Topical Guide 416
Drinking: Cocktails: The Martini
Sophistication: Youthful Efforts to Acquire It
Reservations Recommended, Chapter 1:
WHEN HE WAS YOUNG, Matthew developed an affection for the martini well before he ever drank one, an affection that came in part from watching William Powell and Myrna Loy down them in the Thin Man movies and in part from his careful study of Esquire, the text from which he hoped to learn sophistication.
Luis Buñuel, “Earthly Delights” in My Last Sigh, his autobiography, written with the acknowledged assistance of Jean-Claude Carrière, translated by Abigail Israel:
To provoke, or sustain, a reverie in a bar, you have to drink English gin, especially in the form of the dry martini. To be frank, given the primordial role in my life played by the dry martini, I think I really ought to give it at least a page. Like all cocktails, the martini, composed essentially of gin and a few drops of Noilly Prat, seems to have been an American invention. Connoisseurs who like their martinis very dry suggest simply allowing a ray of sunlight to shine through a bottle of Noilly Prat before it hits the bottle of gin. At a certain period in America it was said that the making of a dry martini should resemble the Immaculate Conception, for, as Saint Thomas Aquinas once noted, the generative power of the Holy Ghost pierced the Virgin’s hymen “like a ray of sunlight through a window—leaving it unbroken.”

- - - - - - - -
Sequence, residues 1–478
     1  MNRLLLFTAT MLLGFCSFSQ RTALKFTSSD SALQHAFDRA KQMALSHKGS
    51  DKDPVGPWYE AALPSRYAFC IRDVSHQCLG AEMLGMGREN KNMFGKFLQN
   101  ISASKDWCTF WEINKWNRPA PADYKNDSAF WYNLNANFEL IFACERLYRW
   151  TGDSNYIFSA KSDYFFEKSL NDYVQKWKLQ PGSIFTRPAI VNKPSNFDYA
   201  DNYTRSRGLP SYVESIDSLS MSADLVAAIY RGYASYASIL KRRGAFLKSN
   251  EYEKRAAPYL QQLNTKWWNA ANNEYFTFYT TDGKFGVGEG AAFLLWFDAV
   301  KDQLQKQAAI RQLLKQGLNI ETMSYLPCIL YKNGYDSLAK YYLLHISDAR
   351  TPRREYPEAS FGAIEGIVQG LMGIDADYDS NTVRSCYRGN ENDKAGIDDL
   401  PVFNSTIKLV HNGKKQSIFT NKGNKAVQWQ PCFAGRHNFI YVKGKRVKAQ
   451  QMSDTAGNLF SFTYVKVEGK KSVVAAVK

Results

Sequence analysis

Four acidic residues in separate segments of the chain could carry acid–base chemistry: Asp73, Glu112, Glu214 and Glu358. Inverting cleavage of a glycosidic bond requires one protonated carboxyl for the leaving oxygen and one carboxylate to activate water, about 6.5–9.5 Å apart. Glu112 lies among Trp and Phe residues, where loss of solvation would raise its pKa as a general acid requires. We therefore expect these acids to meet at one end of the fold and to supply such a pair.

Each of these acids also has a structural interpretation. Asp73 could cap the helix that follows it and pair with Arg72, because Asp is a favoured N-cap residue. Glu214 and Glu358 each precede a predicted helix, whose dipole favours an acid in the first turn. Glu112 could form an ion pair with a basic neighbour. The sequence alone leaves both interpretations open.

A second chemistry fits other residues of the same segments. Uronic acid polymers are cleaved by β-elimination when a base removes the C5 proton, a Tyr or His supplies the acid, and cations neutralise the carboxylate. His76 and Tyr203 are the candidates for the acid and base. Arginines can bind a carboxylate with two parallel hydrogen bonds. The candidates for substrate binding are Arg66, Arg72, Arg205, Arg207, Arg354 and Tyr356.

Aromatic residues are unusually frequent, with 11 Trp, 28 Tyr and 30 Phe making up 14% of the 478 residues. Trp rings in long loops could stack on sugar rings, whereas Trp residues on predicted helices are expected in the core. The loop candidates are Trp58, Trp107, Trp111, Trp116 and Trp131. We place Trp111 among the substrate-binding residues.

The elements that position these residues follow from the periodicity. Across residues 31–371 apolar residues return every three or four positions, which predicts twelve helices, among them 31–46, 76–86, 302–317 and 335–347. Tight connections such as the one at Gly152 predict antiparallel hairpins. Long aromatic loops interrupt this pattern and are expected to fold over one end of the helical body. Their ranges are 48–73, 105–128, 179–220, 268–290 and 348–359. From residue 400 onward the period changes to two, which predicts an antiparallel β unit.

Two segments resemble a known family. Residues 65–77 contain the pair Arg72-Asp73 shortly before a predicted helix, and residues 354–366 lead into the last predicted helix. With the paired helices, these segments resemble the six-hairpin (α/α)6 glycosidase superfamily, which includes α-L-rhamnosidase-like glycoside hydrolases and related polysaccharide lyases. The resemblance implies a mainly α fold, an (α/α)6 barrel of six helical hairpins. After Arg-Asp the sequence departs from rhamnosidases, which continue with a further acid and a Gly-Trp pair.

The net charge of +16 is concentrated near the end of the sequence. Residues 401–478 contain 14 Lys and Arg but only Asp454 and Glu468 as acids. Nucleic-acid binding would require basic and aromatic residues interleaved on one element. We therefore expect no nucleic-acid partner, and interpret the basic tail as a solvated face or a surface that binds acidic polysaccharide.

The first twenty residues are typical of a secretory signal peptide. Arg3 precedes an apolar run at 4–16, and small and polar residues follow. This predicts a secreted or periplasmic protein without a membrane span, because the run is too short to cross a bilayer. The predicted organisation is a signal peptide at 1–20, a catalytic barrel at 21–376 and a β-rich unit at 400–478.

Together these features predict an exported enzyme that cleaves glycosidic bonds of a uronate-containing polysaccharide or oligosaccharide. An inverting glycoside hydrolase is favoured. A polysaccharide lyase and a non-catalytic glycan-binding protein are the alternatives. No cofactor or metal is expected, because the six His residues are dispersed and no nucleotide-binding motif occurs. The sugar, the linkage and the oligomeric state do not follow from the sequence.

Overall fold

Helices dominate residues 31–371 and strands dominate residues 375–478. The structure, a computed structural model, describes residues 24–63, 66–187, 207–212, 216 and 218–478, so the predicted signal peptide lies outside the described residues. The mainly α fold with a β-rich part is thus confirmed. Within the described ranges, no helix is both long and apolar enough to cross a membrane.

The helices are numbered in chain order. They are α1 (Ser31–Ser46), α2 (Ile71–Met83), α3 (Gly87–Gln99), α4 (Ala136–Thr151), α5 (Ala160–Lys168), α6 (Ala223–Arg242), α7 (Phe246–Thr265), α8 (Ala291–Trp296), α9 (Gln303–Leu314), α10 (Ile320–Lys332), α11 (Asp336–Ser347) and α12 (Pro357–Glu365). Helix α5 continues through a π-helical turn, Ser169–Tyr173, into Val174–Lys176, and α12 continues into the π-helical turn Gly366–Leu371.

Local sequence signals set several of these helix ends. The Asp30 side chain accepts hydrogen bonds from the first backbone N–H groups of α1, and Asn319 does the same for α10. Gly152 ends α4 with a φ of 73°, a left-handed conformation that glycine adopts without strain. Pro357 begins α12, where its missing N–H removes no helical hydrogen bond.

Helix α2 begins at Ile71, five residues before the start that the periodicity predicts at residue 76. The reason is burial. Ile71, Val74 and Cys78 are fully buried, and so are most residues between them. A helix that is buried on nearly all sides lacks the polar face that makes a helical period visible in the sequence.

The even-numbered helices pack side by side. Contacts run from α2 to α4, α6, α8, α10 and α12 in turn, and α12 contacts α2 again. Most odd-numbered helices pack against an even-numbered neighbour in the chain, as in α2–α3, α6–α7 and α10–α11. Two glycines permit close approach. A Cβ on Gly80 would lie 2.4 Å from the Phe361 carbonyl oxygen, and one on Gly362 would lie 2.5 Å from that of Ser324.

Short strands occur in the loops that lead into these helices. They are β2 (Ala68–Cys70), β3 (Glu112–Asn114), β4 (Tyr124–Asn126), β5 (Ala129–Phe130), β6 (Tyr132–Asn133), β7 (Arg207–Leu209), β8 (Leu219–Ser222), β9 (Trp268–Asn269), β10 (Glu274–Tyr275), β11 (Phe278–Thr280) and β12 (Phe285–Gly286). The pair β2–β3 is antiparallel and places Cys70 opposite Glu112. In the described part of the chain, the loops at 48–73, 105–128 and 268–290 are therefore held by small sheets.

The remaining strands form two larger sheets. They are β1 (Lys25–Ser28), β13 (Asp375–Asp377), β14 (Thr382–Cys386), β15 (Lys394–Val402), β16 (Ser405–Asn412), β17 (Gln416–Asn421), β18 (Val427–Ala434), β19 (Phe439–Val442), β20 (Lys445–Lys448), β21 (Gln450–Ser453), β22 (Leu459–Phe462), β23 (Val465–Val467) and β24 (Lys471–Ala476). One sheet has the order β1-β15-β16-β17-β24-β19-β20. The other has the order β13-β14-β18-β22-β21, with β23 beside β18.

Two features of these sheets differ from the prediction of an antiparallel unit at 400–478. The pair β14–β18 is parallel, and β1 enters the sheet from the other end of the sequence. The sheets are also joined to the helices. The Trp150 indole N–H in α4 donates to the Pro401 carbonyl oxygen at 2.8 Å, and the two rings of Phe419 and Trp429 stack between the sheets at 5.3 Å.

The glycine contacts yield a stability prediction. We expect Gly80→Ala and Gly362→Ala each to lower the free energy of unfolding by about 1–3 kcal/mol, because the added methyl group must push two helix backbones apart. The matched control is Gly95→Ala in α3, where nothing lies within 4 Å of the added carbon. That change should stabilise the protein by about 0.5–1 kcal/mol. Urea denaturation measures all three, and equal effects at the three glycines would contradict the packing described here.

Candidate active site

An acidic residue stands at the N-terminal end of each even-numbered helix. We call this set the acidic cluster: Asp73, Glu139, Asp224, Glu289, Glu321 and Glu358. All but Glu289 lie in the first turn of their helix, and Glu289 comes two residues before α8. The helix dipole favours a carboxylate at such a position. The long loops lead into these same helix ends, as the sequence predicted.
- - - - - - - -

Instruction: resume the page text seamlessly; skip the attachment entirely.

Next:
Another crucial recommendation is that the ice be so cold and hard that it won’t melt, since nothing’s worse than a watery martini. For those who are still with me, let me give you my personal recipe, the fruit of long experimentation and guaranteed to produce perfect results. The day before your guests arrive, put all the ingredients—glasses, gin, and shaker—in the refrigerator. Use a thermometer to make sure the ice is about twenty degrees below zero (centigrade). Don’t take anything out until your friends arrive; then pour a few drops of Noilly Prat and half a demitasse spoon of Angostura bitters over the ice. Shake it, then pour it out, keeping only the ice, which retains a faint taste of both. Then pour straight gin over the ice, shake it again, and serve.
(During the 1940s, the director of the Museum of Modern Art in New York taught me a curious variation. Instead of Angostura, he used a dash of Pernod. Frankly, it seemed heretical to me, but apparently it was only a fad.)
See also: Drinking: Cocktails, Cocktail Shakers TG 57; Drinking; Smoking TG 15; Cocktails, Old Fashioned TG 132; Cocktails: The Shirley Temple TG 150; Cocktails: The Martini TG 415
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